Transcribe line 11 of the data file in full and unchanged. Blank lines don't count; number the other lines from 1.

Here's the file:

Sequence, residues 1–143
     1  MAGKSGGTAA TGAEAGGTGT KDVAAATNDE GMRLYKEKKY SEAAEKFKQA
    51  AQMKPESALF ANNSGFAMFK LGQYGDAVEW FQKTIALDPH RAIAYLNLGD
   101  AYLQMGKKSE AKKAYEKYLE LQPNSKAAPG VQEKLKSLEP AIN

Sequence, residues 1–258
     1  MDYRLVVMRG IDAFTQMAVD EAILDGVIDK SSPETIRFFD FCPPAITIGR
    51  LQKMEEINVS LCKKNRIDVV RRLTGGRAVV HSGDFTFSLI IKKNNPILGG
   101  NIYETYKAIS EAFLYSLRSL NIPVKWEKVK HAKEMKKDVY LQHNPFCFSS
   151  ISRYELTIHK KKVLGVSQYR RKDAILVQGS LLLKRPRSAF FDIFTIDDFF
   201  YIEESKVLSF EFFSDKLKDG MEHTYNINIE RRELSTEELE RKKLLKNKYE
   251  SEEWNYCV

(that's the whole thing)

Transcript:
   251  SEEWNYCV